Experiments are used in design and research to measure the effects of actions or features by showing the causal relationship between those actions or features and specific outcomes (e.g., behaviours). Typically, a hypothesis is posed about such relationships and then the actions or features are manipulated in controlled ways while the outcome is measured. In the simplest case (say low sweetness vs high sweetness in a beverage), the comparison of outcomes (amount drunk, preference rating) between the two conditions provides a simple model of the impact of the manipulation of sweetness.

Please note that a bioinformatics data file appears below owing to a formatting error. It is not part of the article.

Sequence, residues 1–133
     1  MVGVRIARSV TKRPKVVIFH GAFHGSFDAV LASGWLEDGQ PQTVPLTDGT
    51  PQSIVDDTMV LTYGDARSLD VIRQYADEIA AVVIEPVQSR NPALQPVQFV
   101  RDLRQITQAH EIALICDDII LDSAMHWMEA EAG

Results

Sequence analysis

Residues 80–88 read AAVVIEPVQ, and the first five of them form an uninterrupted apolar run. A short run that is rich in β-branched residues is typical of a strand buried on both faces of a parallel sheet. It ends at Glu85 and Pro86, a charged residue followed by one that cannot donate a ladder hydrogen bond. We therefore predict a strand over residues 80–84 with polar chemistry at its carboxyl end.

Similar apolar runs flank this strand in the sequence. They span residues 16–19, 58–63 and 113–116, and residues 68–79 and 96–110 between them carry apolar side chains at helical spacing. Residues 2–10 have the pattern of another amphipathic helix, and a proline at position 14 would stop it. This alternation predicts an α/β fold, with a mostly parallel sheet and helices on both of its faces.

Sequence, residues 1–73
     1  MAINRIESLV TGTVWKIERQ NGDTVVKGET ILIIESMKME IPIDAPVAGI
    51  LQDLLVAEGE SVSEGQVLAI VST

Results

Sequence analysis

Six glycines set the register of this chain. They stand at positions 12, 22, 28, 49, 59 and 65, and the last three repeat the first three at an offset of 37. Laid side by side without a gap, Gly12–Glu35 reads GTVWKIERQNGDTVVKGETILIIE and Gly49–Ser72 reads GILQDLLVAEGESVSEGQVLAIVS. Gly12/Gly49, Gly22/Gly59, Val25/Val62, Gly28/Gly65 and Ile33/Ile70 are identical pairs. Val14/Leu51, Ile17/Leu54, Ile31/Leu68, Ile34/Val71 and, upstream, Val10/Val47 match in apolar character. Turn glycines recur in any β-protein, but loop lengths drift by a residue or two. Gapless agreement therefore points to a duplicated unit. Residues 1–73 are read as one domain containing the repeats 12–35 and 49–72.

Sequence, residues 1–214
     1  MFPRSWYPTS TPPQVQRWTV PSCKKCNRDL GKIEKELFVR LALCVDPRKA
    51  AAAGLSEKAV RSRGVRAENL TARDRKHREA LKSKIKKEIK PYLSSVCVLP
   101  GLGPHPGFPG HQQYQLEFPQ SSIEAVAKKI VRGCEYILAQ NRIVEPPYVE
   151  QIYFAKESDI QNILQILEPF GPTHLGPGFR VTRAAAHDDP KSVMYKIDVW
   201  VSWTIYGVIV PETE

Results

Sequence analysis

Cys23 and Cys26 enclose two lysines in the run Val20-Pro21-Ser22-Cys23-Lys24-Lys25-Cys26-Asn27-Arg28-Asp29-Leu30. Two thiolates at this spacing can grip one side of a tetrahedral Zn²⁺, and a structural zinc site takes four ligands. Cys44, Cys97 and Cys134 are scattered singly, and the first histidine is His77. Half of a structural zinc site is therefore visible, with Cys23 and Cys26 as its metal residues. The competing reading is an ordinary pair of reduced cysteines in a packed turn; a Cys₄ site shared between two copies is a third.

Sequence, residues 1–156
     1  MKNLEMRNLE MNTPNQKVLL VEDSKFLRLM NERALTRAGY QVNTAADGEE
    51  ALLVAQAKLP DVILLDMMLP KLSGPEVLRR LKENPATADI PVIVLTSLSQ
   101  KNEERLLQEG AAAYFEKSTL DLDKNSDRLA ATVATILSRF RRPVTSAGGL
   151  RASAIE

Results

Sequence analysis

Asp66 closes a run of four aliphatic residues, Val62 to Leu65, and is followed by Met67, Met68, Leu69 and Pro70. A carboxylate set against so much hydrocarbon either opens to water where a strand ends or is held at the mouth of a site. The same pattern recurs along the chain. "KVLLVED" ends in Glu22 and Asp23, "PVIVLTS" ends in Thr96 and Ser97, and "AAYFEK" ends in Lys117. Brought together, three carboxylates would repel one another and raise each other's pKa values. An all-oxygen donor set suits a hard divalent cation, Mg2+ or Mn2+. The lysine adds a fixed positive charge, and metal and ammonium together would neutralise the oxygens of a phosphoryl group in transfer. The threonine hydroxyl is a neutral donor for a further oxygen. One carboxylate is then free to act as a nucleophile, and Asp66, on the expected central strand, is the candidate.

“Focus groups make very little sense” – Dan Ariely
Focus groups are a qualitative method used by market researchers to research the opinions, feelings or attitudes of customers, based on a (sometimes carefully) recruited group of participants about a product, service or topic of interest. Their usefulness lies in the group dynamic that can be created by a good moderator, but they are grossly overused in research as they are perceived to be a cost-effective (and time-effective) way to access the opinions of a number of customers. Read more »